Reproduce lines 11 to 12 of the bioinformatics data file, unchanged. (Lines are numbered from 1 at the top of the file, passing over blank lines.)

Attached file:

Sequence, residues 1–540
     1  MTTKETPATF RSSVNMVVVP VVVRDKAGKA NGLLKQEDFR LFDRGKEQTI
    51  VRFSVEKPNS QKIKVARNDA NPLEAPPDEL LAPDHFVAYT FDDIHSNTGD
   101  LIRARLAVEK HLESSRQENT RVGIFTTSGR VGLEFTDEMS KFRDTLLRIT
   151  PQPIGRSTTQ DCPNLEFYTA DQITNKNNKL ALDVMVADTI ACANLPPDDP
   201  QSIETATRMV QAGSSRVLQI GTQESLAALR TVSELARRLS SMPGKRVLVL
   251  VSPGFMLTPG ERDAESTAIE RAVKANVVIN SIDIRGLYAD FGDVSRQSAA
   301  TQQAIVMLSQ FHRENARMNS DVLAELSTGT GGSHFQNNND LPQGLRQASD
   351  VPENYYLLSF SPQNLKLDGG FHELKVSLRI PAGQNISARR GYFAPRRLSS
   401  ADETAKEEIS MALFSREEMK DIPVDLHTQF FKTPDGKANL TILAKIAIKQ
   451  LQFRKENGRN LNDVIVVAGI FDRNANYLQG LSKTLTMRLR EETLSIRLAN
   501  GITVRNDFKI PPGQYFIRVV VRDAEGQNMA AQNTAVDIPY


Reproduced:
   451  LQFRKENGRN LNDVIVVAGI FDRNANYLQG LSKTLTMRLR EETLSIRLAN
   501  GITVRNDFKI PPGQYFIRVV VRDAEGQNMA AQNTAVDIPY